Application of qisas and diyat act's terms for reporting in current forensic radiology practice

Document Type





Objective: To determine the practical use of the application of Qisas and Diyat Act's terms for medicolegal x-ray reporting in the context of present local forensic radiology practice.
Design: A cross-sectional study. Place and Duration of the Study: Radiology Department, Dow University of Health Sciences (DUHS) and Civil Hospital, Karachi (CHK), from January to December 2004.
Patients and methods: The study included all cases referred to radiology department, DUHS and CHK for medicolegal X-ray reporting during the study period where a skeletal injury was suspected. Those X-rays conducted outside Karachi, burns-injury cases, pregnant ladies' cases and technically faulty X-rays were excluded. The studied variables were the demographic characteristics of each case, the mode of injury as alleged, the region and the extent of injury as visible on these x-rays; and the ancillary imaging techniques done to further evaluate the injury. Each injury was reported as per Qisas and Diyat Act 1990's terms and confirmed with medicolegal officer's final report. The frequency distribution, percentages and means were determined for each variable.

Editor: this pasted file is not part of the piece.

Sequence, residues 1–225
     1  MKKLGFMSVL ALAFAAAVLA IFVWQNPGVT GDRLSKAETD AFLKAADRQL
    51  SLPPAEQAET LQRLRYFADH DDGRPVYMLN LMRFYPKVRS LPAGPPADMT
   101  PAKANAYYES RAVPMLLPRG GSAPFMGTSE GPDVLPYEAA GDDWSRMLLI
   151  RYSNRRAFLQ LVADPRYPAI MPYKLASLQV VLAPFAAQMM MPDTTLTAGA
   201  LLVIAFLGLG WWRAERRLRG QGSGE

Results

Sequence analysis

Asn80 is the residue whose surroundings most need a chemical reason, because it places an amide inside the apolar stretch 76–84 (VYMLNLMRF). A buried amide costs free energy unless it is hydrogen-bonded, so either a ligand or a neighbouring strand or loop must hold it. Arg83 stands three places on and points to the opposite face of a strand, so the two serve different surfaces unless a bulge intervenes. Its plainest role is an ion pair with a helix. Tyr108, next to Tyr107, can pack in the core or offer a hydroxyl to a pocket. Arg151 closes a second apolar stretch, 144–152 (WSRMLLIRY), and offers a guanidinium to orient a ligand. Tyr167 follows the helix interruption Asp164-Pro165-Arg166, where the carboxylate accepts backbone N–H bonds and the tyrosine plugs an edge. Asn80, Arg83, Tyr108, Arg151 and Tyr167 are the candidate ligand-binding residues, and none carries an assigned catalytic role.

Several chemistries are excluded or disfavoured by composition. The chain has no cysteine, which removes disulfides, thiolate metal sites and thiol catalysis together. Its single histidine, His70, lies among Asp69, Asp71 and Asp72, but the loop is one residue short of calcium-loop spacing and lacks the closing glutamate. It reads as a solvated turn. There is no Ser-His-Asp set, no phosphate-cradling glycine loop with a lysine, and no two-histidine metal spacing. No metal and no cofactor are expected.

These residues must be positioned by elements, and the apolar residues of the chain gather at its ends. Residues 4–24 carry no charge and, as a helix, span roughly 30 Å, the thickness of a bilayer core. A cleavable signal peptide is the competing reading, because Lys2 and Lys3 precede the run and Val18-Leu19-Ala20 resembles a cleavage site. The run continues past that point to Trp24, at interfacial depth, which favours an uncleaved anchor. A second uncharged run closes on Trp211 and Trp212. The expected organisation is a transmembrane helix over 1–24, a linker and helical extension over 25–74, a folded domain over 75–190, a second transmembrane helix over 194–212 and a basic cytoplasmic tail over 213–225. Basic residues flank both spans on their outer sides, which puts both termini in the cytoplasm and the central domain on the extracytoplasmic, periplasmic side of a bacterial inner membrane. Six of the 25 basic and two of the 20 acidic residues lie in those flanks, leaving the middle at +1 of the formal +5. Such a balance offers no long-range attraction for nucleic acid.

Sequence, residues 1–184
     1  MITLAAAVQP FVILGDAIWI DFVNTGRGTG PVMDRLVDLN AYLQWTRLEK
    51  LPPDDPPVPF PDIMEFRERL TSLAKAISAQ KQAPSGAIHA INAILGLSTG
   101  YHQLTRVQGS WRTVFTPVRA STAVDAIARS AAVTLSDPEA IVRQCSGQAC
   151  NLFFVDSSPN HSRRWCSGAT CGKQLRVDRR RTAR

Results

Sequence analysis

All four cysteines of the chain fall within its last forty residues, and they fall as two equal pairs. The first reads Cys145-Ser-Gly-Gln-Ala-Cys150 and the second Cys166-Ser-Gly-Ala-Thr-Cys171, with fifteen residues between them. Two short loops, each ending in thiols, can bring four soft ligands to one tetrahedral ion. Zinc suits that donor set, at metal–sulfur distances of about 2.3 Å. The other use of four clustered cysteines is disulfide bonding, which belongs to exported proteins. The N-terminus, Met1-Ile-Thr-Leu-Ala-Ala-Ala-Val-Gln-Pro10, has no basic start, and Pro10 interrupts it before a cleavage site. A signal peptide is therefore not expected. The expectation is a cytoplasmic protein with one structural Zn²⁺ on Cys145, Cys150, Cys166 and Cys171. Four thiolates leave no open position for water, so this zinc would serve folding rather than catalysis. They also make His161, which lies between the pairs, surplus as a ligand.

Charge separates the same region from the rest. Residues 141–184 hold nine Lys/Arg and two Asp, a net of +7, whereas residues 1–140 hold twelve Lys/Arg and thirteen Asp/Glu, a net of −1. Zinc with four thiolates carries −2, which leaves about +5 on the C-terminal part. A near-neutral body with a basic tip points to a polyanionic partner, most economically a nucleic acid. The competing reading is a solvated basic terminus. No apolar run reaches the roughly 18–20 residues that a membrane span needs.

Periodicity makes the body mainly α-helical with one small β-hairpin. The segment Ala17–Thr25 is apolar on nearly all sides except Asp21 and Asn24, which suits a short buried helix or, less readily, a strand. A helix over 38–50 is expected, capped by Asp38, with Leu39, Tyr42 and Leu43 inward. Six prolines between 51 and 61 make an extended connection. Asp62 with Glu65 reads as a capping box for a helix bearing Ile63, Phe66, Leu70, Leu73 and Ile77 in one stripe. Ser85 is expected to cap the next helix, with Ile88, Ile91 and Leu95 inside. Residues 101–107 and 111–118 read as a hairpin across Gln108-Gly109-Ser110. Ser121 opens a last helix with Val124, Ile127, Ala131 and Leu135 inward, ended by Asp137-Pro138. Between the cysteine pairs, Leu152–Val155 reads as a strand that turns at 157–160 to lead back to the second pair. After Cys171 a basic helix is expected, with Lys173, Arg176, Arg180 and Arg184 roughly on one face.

Results: There were 281/1972 (0.42%) cases of radiographically visible skeletal injury. Those with major degree of trauma (fracture-displaced or otherwise), the injury could be explicitly termed as required by the said ordinance, Jurh Jaifah (fractured ribs), "Jurh Ghair Jaifa Munaqillah' and Hashimah' (peripheral fracture), and 'Shajjah Hashimah' (head and face fractures). 'Shajah Damighah' and 'Ammah' (fractures meninges with intracranial hematoma) could only be diagnosed with CT. 'Jurh-Ghair Jaifah Mudiah' could only be decided by combining physical examination with MRI in two cases-plain x-rays being unhelpful. Radionuclide scan was not called for in a single case.
Conclusion: The presently recommended legal terminology for fracture reporting and sub classification is comprehensive, however, reporting the trauma short of fracturing the bone, requires the use of advanced imaging techniques such as the CT scan and the MRI. In the absence of these techniques, the application of the present terms depends mainly on the examination findings of the first examining medical officer rather than radiological evidence such as X-rays. So forensic radiology referrals should utilize CT scan, MRI in skeletal trauma.

Publication (Name of Journal)

Journal of the College of Physicians and Surgeons--Pakistan : JCPSP